This server has no proxy in front of it and only serves mod_perl
requests. Static content is loaded from another server with a
different hostname. I had keepalive enabled with a 2 second timeout on
this server until a few seconds ago. Now before you rake me over the
coals, I _thought_ that when I disabled keepalive I saw a significant
rise in CPU usage when running threaded. I suspected the overhead of
establishing a TCP connection as the cause of this, so I reenabled
keepalive with a 2 second timeout a while back. But that was a

Based on Perrin's advice I now have the following config:

Keepalive Disabled
Prefork MPM

StartServers 10
MinSpareServers 10
MaxSpareServers 45
ServerLimit 50
MaxClients 50
MaxRequestsPerChild 5000

Here's how mod_status looked BEFORE this change with keepalive on and
250 threads with worker MPM:

37.6 requests/sec - 109.0 kB/second - 2969 B/request
63 requests currently being processed, 187 idle workers

_C__C______C__K__KK_CK___KK__K____KC_______K______ ..............
C_KK__W__K______K_____K____________KK_K_______C_K_ ..............
C__CK______K_C______K_K__C_K____K_K__K_C__K____K__ ..............
__CKKK___________________C____KC____C_K________C__ ..............
_KC__KK_____K___W_________C____K_K___C_C________K_ ..............

And here's what it looks like after this change:

36.2 requests/sec - 107.9 kB/second - 3054 B/request
17 requests currently being processed, 24 idle workers


There's no rise in CPU usage with keepalive off - in fact it seems to
have dropped.

And here's the output of 'free' after the change after running for 10 minutes:
total used free shared buffers cached
Mem: 2054504 1638580 415924 0 83376 772828
-/+ buffers/cache: 782376 1272128
Swap: 2096472 49340 2047132

LOTS of free memory.

The only possible down-side of this is the tiny amount of extra
bandwidth used with each additional non-keepalive request by the HTTP
headers. But since I don't use large cookies, that really is a small
amount. Also, I'm using mod_deflate which means I can spare some

I'm probably going to stick with this config because I like the tried
and tested prefork model, the fact that I can see each process and
it's memory usage and of course it solves my original problem (so far
anyway) of the number of processes doubling for an unknown reason. It
also seems to be a little more CPU efficient.

Thanks very much for all the help!!


On 10/16/07, Perrin Harkins wrote:
> On 10/16/07, Mark Maunder wrote:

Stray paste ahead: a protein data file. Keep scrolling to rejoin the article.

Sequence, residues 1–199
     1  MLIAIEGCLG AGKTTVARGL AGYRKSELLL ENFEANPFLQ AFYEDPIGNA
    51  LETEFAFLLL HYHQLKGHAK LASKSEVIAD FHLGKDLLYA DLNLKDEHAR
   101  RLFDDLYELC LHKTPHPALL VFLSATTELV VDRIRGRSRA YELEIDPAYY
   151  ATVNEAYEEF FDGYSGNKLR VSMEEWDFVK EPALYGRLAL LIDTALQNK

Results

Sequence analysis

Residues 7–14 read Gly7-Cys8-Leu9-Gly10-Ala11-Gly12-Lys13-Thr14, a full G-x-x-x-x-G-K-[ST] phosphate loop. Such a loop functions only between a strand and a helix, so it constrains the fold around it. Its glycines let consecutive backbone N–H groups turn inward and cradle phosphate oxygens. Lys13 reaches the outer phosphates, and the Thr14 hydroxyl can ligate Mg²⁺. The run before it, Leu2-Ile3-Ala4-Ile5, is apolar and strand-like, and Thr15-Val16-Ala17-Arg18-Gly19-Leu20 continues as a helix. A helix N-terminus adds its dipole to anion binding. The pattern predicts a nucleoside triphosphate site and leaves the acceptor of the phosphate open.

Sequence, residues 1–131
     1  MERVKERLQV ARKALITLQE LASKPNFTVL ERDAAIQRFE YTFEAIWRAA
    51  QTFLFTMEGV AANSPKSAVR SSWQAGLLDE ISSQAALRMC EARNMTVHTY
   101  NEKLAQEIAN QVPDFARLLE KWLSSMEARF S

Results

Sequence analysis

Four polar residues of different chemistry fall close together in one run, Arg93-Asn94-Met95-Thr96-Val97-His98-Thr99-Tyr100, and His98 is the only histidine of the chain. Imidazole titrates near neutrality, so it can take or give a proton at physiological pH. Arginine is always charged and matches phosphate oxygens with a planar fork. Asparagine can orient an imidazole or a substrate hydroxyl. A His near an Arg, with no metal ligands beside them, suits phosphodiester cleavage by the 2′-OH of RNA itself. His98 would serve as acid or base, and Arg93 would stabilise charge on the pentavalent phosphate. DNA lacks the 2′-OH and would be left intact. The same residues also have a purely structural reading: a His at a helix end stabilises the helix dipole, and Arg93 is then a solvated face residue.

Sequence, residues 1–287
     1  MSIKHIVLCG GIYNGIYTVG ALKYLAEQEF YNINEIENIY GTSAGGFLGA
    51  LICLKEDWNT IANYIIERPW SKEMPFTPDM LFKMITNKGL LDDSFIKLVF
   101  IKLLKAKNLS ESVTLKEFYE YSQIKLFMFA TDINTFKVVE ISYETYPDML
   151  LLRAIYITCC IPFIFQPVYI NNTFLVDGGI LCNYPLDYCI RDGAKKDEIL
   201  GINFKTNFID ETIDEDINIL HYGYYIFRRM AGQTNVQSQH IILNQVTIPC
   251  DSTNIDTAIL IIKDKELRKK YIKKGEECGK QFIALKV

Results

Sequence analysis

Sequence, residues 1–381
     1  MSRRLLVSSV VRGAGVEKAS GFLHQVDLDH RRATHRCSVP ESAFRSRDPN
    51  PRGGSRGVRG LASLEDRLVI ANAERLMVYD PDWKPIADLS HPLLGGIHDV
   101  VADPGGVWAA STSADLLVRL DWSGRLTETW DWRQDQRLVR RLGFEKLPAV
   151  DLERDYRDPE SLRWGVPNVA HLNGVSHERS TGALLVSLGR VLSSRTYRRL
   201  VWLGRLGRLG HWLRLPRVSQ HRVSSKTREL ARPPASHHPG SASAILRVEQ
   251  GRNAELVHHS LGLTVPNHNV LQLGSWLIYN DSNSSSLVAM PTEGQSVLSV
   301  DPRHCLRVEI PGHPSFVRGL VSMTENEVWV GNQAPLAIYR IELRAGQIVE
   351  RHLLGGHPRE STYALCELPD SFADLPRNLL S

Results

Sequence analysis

> > Mornings are the busiest for us, so the following is not during peak.
> > This is my current mod_status:
> > 39.4 requests/sec - 114.4 kB/second - 2976 B/request
> > 80 requests currently being processed, 170 idle workers

> Do you have a proxy server in front of this? If not, it might make a
> big difference in how many active mod_perl processes you need.
> > I peak at about 75% of my threads being busy. If I have any less than
> > 250 spare threads, then I get an alert from our monitoring every few
> > hours with a timeout because I suspect I'm hitting maxclients every
> > now and then.

> You'd see a message in your error_log if you were hitting MaxClients.
> > So
> > perlInterpStart and PerlInterpMax are 3 and 5 respectively if they are
> > the defaults.

> Then your 5 processes with only 4 using real memory probably means no
> more than 20 perl interpreters. I think that if you ran prefork with
> 20 processes and a front-end proxy you would see the same performance
> with less memory used. Right now, you have a lot of threads that
> aren't running perl but are sending out data to clients. A front-end
> proxy should do that in a prefork setup to avoid tying up the
> interpreters.
> > Is there a way to check at runtime what these params are
> > set to?

> I think Apache2:irective will do it.
> > And what do you recommend for 250 threads?

> I avoid threads like the plague, so I couldn't really tell you from
> experience. It sounds like your current settings are working for you
> though, except for the problem you originally mentioned, which I'm
> afraid I don't have any ideas about. Maybe someone who runs threads
> (Torsten?) would have a guess.
> - Perrin

Mark Maunder